Friday, May 15, 2015

touch of gold

On Mother's Day, I dug through my boxes of photos to find one of my mom and me. I was looking for one in particular, but I never found it. In it, I am 17 years old, wearing an oversized flannel shirt and a big smile on my face. My arm is wrapped around my mom, whose smile looks happy if a little forced for the photo. My hair is pulled back and gold-ish in color from the home dye kit I asked my mom to apply to my hair, and she which she did, but only after bemoaning my decision to dye my hair. The subtext is her wish that I remain cautious and conservative in my appearance. Don't stand out too much.

I wanted to find this particular photo to post to social media on Mother's Day because my senior year of high school is what I remember as one of my favorite times with my mother. My sisters were out of the house and my best friend was on another continent. Without them, I felt lost and lonely. At the same time, I was applying to colleges and beginning to imagine life on my own - outside of my parents' home, my high school persona, my stale childhood. I felt eager to connect in light of this imminent emancipation (it was finally clear that I wouldn't be stuck here forever). Asking my mother to dye my hair is, perhaps, the perfect expression of what I experienced that year. I was asking my mom to keep loving me as my mother even while asking her to let me go.

A mother fixing her daughter's hair is one of the most intimate acts of love and service between a mother and daughter, I think. I remember so many warm summer nights of having my mom braid my wet hair before I went to bed so that, when I woke, it would wave along the creases of the braid. I sat on the floor in front of where she sat on the couch, and she would untangle the wet knots with a brush or comb. My head jerked back with each tug, and tears stung my eyes. Sometimes I hated the way it hurt, but I always loved her for doing it. It was a way in which I needed my mom, and a way in which I knew she loved me.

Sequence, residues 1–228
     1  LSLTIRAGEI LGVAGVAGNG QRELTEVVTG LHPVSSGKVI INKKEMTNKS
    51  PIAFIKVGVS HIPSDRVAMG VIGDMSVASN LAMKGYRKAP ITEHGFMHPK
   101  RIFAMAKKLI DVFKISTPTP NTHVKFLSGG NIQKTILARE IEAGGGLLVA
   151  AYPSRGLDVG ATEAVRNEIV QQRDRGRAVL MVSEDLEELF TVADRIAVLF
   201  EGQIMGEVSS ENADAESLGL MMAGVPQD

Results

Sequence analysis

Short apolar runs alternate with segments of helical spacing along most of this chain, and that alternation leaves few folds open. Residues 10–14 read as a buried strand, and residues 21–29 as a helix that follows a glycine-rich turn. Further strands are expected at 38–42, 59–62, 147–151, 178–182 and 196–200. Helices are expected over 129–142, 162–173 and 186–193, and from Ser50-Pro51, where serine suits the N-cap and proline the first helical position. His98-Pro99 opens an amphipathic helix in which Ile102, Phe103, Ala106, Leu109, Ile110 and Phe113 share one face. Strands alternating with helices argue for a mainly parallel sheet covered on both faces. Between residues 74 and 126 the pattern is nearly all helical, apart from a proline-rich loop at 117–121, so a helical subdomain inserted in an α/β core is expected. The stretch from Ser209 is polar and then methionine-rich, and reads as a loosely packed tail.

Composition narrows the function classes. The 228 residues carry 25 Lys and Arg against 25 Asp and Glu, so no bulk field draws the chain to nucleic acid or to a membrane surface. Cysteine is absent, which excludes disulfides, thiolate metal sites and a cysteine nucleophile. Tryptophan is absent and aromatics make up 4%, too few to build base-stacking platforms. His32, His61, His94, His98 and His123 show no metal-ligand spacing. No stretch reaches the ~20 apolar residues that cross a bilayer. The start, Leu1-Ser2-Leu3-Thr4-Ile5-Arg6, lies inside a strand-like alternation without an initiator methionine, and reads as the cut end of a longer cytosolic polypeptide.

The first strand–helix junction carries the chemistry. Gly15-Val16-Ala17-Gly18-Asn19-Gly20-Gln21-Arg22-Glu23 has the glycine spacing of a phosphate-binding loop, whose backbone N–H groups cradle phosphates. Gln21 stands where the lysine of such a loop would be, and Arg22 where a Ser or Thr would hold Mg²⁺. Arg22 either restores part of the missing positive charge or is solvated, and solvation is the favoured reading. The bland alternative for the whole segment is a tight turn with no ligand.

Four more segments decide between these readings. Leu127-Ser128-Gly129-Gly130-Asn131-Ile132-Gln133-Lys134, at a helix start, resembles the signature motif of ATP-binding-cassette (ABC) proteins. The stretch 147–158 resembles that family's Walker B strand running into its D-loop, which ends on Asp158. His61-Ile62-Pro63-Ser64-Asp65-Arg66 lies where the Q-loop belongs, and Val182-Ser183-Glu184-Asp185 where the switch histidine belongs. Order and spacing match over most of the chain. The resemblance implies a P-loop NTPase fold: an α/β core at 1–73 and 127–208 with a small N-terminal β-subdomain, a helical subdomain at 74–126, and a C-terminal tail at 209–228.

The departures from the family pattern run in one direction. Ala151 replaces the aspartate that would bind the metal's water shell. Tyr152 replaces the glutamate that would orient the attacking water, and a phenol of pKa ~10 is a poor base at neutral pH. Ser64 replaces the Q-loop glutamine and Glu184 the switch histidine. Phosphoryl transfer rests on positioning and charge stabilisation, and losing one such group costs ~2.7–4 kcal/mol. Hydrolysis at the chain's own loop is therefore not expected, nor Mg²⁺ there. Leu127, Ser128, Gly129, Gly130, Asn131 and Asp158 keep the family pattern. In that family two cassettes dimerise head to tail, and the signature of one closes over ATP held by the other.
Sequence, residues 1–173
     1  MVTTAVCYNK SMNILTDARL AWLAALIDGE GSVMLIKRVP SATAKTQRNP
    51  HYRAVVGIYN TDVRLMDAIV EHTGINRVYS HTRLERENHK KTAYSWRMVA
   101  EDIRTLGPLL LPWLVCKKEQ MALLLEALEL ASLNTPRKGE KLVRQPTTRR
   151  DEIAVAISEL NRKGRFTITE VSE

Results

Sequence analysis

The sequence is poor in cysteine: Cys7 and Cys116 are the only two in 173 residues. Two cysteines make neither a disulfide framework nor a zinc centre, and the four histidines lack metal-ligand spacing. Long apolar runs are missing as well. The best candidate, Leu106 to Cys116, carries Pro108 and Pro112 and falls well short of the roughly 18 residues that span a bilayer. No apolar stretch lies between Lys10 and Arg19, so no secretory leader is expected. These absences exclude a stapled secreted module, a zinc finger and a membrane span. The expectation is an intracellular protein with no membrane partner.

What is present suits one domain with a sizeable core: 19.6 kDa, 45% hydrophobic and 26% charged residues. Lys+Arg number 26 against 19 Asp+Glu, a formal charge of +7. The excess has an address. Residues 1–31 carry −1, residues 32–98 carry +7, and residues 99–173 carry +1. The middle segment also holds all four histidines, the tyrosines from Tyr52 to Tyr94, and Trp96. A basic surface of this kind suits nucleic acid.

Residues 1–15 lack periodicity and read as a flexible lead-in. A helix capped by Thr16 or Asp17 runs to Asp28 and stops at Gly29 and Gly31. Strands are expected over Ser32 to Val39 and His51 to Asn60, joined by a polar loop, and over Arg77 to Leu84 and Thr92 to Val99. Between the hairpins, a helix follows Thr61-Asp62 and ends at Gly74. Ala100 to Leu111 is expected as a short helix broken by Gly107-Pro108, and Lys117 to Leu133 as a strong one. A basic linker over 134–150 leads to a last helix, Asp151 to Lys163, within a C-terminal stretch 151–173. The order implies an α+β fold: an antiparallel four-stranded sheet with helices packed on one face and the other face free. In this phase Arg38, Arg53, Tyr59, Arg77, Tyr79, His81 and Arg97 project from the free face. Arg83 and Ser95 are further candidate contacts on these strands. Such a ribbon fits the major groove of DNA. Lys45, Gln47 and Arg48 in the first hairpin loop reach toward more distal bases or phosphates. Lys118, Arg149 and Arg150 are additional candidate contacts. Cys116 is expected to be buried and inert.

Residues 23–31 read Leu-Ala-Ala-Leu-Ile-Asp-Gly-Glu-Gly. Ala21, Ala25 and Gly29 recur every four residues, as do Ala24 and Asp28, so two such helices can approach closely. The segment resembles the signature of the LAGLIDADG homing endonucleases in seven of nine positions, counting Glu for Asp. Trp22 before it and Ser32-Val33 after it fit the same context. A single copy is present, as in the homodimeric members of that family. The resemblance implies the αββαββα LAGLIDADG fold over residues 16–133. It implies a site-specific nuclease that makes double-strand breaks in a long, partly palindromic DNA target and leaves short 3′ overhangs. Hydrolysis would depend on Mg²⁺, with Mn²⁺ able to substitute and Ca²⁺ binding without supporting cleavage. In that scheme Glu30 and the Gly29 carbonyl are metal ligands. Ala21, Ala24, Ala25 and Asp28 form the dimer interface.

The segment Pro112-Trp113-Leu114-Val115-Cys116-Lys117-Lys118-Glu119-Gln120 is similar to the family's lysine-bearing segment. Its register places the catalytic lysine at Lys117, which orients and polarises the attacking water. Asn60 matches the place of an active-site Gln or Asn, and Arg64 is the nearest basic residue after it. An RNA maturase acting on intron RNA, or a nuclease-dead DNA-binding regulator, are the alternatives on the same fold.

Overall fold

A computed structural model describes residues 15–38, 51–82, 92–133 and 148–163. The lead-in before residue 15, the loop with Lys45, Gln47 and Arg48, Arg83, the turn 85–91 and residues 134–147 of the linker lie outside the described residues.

Part of me was glad I didn't find the photo to post on Mother's Day. I was thinking how I would caption it and felt conflicted, because while I love my mother, the warmth in that photo doesn't capture our complex relationship. Maybe that's why I love it. It doesn't hint at another time during my senior year when, after a youth leadership meeting for my church, I drove home feeling so overwhelmed and so lonely that I couldn't stop crying. It was everything: my best friend exploring life outside of our friendship on another continent, my trying to act like I didn't care about my GPA and class rank when, in fact, holding onto those two numbers felt like the only way I could be seen by my classmates, my feeling like the whole world was moving on too fast and I was being asked to move faster to keep up, when all I wanted to do was be held. I came home crying and my mom found me sitting on the edge of my bed, sobbing. She sat down next to me. It is rare to feel so broken that the truest thing comes out of your mouth, but that is what happened then. I asked her to hold me, and put my head on her shoulder. Touch was rare and awkward in our family, and so she made only the slightest moves to comfort me. I kept on crying, unable to explain why.

I know now that my mom didn't know what to do, and I think I get it. But I faulted her for a long time for not wrapping her arms around me and smoothing my hair or wiping my tears. I faulted her for not knowing how to hold me when I needed it. I still celebrate her love on Mother's Day, and I still love that picture. I realize that though she didn't always know how to hold me, or how to let me go, she really did the best she could. I will always remember that she dyed my hair, even against her own best judgement.

2 comments:

  1. I wish I had such vivid memories. Love this!

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  2. this is fantastic. i can relate to this kind of relationship with my mom....didn't realize you were still blogging, thanks for sharing.

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